Music and Audio

The music in Xenoblade Chronicles is originally done by Yoko Shimomura (previously from Capcom), Manami Kiyota, and ACE+, with a special theme done by Yasunori Mitsuda (known for other Xeno games, the Chrono series, and Shadow Hearts). At least some of this music will be remastered in the Definitive Edition. I don’t know whether all music tracks will be remastered, or if it’s just going to be a handful. Something else that we’ve heard, but I have yet to see officially confirmed, is that the Definitive Edition will supposedly have an audio setting to give the player the choice between the original soundtrack or the newer version. While the soundtrack is subjective in either case, more options is objectively better here.

Here is a tweet from Nintendo of America with one of the remastered tracks.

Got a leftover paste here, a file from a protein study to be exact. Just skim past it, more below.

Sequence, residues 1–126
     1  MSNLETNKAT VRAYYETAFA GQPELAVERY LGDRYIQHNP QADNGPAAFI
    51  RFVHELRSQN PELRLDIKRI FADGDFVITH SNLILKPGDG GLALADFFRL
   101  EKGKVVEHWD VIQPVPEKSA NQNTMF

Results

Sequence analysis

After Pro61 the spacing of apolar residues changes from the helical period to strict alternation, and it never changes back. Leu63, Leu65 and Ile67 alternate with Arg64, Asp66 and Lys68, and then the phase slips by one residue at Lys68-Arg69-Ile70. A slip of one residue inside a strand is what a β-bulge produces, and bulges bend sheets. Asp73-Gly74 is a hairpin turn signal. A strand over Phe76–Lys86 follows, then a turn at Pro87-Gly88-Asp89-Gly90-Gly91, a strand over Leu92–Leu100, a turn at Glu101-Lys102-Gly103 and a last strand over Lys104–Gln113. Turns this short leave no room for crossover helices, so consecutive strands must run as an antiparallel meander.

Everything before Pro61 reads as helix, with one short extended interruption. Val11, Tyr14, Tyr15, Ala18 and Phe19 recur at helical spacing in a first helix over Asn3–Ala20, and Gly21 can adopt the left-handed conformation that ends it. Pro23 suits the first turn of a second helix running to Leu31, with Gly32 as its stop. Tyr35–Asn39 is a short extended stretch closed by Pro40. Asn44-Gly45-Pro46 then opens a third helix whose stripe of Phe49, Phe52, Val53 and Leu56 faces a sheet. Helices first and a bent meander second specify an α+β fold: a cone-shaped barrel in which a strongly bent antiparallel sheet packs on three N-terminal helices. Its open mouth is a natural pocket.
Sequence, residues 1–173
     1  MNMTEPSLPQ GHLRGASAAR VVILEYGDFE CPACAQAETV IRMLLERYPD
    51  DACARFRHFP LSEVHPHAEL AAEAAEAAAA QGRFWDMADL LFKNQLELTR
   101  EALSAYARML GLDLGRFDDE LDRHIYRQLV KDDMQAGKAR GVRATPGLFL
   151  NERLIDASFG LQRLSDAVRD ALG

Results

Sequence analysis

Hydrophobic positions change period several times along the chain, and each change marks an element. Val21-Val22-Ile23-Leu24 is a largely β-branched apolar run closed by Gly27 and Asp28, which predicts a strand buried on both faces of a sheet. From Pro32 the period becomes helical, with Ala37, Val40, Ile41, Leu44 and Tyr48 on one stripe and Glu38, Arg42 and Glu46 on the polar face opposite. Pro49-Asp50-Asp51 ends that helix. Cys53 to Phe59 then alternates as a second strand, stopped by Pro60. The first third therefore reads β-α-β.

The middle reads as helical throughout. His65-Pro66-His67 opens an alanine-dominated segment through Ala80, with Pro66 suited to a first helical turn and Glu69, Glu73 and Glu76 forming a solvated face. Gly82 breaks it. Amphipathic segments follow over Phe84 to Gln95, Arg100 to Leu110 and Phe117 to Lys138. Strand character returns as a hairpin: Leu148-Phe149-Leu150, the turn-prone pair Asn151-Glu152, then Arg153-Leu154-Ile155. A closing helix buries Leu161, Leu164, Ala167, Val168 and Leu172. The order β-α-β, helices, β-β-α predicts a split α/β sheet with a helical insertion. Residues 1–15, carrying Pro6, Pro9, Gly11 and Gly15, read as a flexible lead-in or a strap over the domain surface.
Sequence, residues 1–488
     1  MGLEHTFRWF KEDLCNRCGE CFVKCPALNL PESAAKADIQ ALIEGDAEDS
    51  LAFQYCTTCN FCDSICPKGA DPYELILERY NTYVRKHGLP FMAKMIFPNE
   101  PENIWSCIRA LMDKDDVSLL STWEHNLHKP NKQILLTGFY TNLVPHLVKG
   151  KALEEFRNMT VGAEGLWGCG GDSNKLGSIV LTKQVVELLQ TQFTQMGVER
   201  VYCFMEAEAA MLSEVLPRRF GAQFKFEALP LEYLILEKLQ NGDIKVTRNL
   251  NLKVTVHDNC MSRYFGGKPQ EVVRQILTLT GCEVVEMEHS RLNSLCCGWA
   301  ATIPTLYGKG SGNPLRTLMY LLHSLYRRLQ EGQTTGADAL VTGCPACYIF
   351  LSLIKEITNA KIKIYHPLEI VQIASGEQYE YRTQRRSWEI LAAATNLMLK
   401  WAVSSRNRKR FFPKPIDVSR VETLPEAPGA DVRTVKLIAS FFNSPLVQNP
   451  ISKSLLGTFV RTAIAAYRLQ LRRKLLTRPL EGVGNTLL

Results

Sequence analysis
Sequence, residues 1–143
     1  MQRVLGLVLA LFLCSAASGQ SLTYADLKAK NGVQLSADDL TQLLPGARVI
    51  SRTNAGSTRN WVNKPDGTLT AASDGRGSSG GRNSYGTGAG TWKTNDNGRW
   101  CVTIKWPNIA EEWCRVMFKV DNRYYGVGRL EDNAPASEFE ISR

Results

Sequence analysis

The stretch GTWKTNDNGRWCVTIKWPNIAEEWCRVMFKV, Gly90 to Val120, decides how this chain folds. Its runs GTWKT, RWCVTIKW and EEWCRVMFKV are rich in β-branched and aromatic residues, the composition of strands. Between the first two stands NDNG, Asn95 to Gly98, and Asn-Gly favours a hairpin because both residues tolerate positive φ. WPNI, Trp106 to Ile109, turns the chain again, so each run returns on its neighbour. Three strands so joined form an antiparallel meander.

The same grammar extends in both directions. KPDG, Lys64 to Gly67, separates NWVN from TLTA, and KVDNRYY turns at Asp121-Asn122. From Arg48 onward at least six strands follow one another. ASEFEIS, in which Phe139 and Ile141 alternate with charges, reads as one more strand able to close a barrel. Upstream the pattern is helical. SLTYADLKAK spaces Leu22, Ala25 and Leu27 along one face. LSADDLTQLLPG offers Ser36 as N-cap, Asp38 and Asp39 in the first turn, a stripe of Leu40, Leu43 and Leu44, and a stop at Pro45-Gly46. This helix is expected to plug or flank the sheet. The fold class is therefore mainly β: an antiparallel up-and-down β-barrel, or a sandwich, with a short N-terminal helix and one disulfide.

For voice acting, I felt that at least most of the cast did really well the first time, even with how often they spoke outside of the dialogue (such as surrounding combat). While I don’t believe there are many, if any, new voiced parts in the base game, the epilogue included in the game is voice acting no one has heard yet. There is some new voice acting in the Definitive Edition, but nobody but you can be the judge of whether or not you like the voice acting of Adam Howden and the rest of the cast.


I reviewed the original “Xenoblade Chronicles” game for The Well-Red Mage back in 2017. Here’s an excerpt on the Narrative portion of my review:

The story in this game took me by surprise time and time again. Some things where completely surprising, such as very large twists in the story. Others were not a surprise to me in terms of outcome, but very much so in terms of how the story got to that position. Shulk has the Monado, but how does he get it, how does he unlock its power, and how does he complete his objective? The biggest mystery in this game, by a longshot, is the Monado, its power to defeat Mechon and perform other actions, why it allows Shulk to see the future in order to change it, and this mysterious character that is first seen in a vision.